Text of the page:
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Uber and background checks

Uber is back in the news again, and as has often been the case it’s not in a good way.

Uber

Houston officials discovered crimes ranging from aggravated robbery to driving on a suspended license when they checked the backgrounds of prospective Uber drivers who had been cleared by the company’s review, according to a new report.

City regulatory officials cited the cases in documents prepared for a hearing in Austin on Thursday opposing a bill that would give the state control of regulating Uber and strip the city of its oversight – including criminal background checks.

Because Uber’s review, done by a company called Hirease, is based on Social Security numbers rather than fingerprints, it can be more easily manipulated, the city says.

“These companies miss applicants that use aliases,” according to a city report prepared for the hearing. “For example, a recent … driver, who had been cleared by Hirease, underwent a City of Houston fingerprint background check and it turned out she had 24 alias names, 5 listed birth dates, 10 listed Social Security numbers, and an active warrant for arrest.”

As drivers have applied for permits, “several” have been found that have criminal issues not caught by Uber, the report said.

“The charges include indecent exposure, DWI, possession of a controlled substance, prostitution, fraud, battery, assault, robbery, aggravated robbery, possession of marijuana, theft, sale of alcohol to a minor, traffic of counterfeit goods, trademark counterfeit, possession of narcotics, and driving with a suspended license.”

[…]

Mayor Annise Parker said Wednesday that the city is determined to enforce its rules.

“We continue to cite drivers, and we can impound cars and we have done that,” Parker said. “This is a problem with the company, and I’m beside myself right now at being angry at Uber. … I don’t want to go cite another driver. I want to hear directly from Uber.”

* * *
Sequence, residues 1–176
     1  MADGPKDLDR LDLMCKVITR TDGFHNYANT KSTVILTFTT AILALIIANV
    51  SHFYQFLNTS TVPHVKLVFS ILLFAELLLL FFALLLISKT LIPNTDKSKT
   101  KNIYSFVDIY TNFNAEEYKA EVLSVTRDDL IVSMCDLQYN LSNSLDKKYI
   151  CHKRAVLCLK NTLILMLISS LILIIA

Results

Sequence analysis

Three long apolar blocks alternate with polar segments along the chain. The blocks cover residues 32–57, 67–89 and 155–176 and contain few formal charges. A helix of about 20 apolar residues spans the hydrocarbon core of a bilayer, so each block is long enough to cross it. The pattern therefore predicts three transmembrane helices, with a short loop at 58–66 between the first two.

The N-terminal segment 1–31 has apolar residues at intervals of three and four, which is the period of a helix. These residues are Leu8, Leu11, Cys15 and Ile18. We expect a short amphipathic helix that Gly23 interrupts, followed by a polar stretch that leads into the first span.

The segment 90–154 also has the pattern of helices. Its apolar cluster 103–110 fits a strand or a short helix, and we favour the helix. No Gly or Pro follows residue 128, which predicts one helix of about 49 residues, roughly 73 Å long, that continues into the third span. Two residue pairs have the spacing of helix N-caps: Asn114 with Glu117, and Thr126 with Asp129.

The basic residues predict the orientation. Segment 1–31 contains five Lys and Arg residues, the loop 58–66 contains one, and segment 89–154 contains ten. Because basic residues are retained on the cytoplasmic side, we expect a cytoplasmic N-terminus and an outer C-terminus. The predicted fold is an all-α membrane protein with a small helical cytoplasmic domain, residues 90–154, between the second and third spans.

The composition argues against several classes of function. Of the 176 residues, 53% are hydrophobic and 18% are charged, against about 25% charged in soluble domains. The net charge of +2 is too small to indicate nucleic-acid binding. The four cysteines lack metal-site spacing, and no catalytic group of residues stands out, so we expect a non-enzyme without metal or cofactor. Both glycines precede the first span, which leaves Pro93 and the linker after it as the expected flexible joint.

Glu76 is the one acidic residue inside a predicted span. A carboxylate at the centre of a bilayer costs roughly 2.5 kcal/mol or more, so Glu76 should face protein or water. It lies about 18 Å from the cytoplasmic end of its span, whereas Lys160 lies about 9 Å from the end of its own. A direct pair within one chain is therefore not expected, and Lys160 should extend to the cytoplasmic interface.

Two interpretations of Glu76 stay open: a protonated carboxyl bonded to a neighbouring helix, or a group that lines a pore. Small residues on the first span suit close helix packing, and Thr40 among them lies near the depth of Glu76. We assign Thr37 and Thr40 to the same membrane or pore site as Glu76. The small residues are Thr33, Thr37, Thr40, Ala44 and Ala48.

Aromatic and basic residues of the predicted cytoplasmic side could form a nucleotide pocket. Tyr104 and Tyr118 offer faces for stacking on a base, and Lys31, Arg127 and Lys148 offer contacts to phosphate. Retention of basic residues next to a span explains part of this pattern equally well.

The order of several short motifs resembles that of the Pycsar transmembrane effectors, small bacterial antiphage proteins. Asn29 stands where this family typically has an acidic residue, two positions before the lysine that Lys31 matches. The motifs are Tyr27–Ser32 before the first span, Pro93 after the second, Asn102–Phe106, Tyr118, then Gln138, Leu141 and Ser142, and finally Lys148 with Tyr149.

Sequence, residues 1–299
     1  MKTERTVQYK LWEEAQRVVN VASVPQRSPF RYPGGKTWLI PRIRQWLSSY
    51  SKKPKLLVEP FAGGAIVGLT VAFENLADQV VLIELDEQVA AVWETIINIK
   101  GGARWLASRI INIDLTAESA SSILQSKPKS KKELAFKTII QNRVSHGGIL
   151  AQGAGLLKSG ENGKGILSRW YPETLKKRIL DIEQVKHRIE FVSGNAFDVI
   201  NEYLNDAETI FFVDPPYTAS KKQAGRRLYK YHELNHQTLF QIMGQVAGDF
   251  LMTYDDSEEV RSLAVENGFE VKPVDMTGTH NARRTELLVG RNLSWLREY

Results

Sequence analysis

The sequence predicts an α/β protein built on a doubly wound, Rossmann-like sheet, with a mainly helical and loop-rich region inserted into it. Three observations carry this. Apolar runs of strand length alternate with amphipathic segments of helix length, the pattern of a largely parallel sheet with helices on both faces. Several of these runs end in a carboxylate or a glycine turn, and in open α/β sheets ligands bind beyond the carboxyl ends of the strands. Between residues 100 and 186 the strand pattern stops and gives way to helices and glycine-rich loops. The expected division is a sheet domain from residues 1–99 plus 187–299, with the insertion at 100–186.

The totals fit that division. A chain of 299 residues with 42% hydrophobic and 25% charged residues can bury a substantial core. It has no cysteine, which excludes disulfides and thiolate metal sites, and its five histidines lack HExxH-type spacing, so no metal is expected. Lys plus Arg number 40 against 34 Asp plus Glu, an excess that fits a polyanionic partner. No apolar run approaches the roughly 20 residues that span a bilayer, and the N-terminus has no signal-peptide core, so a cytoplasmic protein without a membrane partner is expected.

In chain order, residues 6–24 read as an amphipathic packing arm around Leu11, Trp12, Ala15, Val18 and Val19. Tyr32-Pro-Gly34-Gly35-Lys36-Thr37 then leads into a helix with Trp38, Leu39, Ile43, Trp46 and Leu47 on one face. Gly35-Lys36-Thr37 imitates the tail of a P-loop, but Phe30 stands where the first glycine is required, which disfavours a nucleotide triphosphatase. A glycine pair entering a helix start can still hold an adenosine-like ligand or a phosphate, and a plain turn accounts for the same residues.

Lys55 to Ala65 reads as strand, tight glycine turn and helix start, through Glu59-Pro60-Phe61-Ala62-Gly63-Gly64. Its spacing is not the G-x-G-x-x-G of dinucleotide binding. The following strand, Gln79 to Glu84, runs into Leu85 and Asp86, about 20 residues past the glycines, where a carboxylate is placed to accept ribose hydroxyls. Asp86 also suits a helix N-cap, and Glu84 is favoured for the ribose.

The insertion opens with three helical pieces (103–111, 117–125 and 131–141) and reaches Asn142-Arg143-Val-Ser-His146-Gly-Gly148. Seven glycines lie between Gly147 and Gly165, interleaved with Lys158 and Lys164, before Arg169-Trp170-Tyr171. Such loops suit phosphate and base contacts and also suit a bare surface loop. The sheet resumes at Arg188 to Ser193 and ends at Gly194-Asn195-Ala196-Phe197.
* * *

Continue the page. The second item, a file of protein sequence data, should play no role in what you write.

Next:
See here for some background. KUHF reports that the city is trying to figure out a way it can sanction Uber for its background check failures. Good luck with that.

I want to be clear here that I don’t believe that having a past conviction should necessarily be a disqualifier for would be Uber or Lyft drivers. Not all convictions represent a risk to a passenger’s safety, and I believe people deserve second chances. But any background check system worth doing should be able to discover these things. It is an issue if someone lies about their past, and we should be able to find those people out. This should not be controversial.

If the Lege insists on getting involved with the relationship between TNCs and cities, then let them set these requirements.

Lyft

House Bill 2440 by state Rep. Chris Paddie, R-Marshall, would grant statewide operating permits to companies like Uber and Lyft if they comply with certain regulations and pay an annual $115,000 fee. The companies use smartphone apps to connect people seeking a ride with freelance drivers using their own vehicles.

Paddie wrote on Facebook last month that his bill is about “free market principles” and would “allow innovative technology companies such as Uber and Lyft to operate under predictable, sensible statewide regulations.”

[…]

At a hearing before the House Transportation Committee on Thursday, Uber spokeswoman Sally Kay said fingerprint scans were inefficient and that Uber’s background checks were more thorough than the safety measures many cities have called for.

“This isn’t about cost,” she said. “This is about the fact that if we relied on the way many municipalities run their background checks, it wouldn’t be strong enough for us.”

[…]

On Thursday, state Rep. Larry Phillips, R-Sherman, pressed Kay about how Burton slipped through the cracks.

“Did your background check find that this driver was on probation currently?” Phillips asked.

Kay said Uber is investigating the incident and she couldn’t comment. She also said Uber checks applicants for criminal activity within the past seven years, except for sexual offenses.

“That’s not really good enough for me,” Phillips said.

Nor should it be. It’s more than a little ridiculous for Uber to claim that their background checks are more thorough than what cities have called for, given what we’ve seen. The burden of proof for this is on them. Trail Blazers has more.

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